THE chairman of West Limerick Resources, Tom Madigan, has appealed to all community activists and members of the public to attend a public meeting in Newcastle West next Wednesday night. The meeting is a crucial one, Mr Madigan said, and will highlight the risks facing West Limerick Resources (WLR) and how the company can work in the future. It will also outline the threat to WLR’s 40 staff if proposals in their current form go through. The meeting is one of a series of public meetings organised by local partnership companies around the country, including Ballyhoura, all of whom are concerned by changes proposed under the Government’s Putting People First policy.
“The Government is proposing changes to the way programmes, which we currently deliver, will be delivered in the future,” Mr Madigan explained. “If implemented, the changes will lead to serious questions on the future sustainability of local development companies like West Limerick Resources.”
These changes, Mr Madigan added, could could have very far reaching consequences for WLR and the range of economic, community and social supports they have been delivering to communities in West Limerick over 20 years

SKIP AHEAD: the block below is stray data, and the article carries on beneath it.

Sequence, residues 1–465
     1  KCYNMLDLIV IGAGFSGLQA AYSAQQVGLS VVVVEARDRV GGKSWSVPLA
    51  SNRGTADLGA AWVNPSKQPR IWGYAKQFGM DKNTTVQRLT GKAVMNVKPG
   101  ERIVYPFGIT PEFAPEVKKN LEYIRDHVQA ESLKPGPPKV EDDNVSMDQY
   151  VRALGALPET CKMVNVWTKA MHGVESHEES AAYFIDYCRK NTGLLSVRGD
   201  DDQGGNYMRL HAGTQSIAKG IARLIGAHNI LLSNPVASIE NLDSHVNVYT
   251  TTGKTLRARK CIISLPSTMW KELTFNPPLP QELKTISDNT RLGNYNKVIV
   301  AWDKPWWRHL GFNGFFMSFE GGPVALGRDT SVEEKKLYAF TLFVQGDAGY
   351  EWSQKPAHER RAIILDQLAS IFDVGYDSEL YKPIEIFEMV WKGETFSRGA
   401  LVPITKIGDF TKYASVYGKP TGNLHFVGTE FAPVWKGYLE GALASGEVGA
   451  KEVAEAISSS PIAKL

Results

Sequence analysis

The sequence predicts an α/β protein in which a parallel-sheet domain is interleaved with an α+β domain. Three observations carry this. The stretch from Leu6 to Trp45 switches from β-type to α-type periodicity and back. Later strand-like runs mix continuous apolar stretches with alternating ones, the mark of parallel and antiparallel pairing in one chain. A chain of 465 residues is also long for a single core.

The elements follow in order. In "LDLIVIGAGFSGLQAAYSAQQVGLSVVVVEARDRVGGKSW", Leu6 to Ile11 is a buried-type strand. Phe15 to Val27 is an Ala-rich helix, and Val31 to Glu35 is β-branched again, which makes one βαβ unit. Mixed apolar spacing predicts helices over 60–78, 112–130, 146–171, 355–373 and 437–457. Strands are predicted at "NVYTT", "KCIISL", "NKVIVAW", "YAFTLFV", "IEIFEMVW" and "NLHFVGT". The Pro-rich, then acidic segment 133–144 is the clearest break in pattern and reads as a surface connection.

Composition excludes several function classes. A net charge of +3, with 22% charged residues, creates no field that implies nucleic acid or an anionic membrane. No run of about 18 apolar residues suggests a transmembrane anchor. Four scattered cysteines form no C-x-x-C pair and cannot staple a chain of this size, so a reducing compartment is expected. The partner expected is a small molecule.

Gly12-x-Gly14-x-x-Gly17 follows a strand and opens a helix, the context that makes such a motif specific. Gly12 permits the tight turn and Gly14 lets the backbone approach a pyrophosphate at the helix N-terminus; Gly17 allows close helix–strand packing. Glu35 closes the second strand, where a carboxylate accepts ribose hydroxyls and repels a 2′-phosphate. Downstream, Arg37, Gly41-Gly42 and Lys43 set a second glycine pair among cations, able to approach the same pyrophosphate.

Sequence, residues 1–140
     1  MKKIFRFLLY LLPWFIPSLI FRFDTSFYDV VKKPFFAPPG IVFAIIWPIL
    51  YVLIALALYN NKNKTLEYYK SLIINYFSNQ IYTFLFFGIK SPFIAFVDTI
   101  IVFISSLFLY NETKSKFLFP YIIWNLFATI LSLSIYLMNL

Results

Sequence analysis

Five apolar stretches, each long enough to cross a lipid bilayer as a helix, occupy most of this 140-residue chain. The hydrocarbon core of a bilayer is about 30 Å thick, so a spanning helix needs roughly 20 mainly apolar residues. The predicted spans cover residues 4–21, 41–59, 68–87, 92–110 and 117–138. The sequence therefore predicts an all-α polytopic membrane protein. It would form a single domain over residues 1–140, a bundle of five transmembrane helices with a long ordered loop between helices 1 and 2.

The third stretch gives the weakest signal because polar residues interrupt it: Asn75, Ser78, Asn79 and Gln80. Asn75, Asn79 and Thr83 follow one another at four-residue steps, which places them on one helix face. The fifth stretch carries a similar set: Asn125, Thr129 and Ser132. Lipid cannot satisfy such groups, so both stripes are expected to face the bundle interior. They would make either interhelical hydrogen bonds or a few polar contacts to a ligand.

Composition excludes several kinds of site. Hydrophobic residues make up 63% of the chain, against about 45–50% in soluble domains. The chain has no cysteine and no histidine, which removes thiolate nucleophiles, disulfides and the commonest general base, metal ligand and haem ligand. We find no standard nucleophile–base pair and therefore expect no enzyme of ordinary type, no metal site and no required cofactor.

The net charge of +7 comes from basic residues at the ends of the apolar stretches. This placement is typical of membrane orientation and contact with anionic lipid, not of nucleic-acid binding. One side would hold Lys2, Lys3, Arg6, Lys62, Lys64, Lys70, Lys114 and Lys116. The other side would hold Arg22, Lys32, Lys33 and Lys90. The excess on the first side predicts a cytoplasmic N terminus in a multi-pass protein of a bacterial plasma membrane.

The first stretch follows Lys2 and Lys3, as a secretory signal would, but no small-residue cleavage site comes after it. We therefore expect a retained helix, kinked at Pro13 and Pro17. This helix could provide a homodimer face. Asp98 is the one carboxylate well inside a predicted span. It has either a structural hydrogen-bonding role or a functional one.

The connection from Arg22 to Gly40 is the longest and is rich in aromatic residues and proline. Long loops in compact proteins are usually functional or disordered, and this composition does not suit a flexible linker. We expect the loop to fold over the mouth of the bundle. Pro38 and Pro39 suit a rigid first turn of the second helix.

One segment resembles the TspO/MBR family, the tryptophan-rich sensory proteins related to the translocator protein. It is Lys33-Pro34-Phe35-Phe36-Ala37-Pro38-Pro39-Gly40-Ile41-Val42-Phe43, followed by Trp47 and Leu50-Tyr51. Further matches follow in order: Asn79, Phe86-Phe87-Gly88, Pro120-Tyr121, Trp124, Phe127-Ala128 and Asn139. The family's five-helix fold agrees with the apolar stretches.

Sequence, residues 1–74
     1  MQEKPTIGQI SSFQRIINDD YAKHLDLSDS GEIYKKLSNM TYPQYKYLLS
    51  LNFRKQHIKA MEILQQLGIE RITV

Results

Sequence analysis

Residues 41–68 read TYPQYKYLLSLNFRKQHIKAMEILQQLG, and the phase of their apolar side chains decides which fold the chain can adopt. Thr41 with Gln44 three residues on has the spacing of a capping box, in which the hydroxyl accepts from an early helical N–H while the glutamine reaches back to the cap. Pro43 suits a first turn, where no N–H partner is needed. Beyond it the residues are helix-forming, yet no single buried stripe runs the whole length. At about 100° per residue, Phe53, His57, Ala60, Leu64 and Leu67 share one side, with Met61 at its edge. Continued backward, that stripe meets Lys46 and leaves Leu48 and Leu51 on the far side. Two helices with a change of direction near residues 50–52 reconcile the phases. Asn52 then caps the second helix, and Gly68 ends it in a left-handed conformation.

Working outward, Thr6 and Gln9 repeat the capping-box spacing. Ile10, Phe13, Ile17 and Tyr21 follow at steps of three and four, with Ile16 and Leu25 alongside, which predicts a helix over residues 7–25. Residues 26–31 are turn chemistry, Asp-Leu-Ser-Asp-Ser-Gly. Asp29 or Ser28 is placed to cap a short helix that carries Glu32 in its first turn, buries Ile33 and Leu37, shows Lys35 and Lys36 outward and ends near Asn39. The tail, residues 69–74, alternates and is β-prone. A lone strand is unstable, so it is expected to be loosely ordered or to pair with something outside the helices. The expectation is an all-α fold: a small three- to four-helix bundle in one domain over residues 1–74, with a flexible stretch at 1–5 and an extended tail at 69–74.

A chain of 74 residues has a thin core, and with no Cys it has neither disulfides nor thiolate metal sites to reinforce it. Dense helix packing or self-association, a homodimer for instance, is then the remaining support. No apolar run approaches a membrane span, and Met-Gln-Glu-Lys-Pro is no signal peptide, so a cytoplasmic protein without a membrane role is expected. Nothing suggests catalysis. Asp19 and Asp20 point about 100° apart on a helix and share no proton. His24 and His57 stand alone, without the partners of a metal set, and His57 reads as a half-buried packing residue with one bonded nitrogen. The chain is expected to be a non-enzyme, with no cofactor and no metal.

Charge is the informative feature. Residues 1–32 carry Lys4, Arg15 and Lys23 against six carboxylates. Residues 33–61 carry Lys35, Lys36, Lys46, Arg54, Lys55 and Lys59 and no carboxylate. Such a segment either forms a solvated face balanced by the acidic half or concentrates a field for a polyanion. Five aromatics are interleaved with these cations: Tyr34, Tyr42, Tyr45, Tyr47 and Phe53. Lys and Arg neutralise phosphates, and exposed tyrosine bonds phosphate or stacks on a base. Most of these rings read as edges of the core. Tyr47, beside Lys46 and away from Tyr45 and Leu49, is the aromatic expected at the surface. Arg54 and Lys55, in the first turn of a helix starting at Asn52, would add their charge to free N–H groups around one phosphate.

Negotiations have been taking place nationally between local development companies and the Department of the Environment, Community and Local Government since last year. However, according to Mr Madigan, these negotiations have, to date, failed to clarify and agree what role, if any, the department sees for local development companies like WLR.
A particularly difficult issue is how the partnership companies like WLR will work with the newly established Local Community Development Companies, which have been set up by all the local authorities. The Limerick Local Community Development Company was agreed by councillors earlier this year.
According to WLR manager, Shay Riordan, the concern is that this new body could take over the company’s core programmes, such as the Local and Community Development programme and the Rural Development Programme, side-lining the knowledge and experience of West Limerick Resources. “If one or both of these programmes is removed in part or in their entirety from West Limerick Resources all the other work which we do could potentially collapse. This is why we are so concerned by these proposed changes and why we feel the community should be also.”
However, Josephine Cotter-Coughlan, director of services for community and with responsibility for the new body, the LLCDC, says the aim of the changes is to avoid duplication and fragmentation. She stressed that working in partnership was the key. “We want to work in partnership with the local development companies, to continue the good that has been done, to enhance capacity building and to continue to deliver local, development and community initiatives.”
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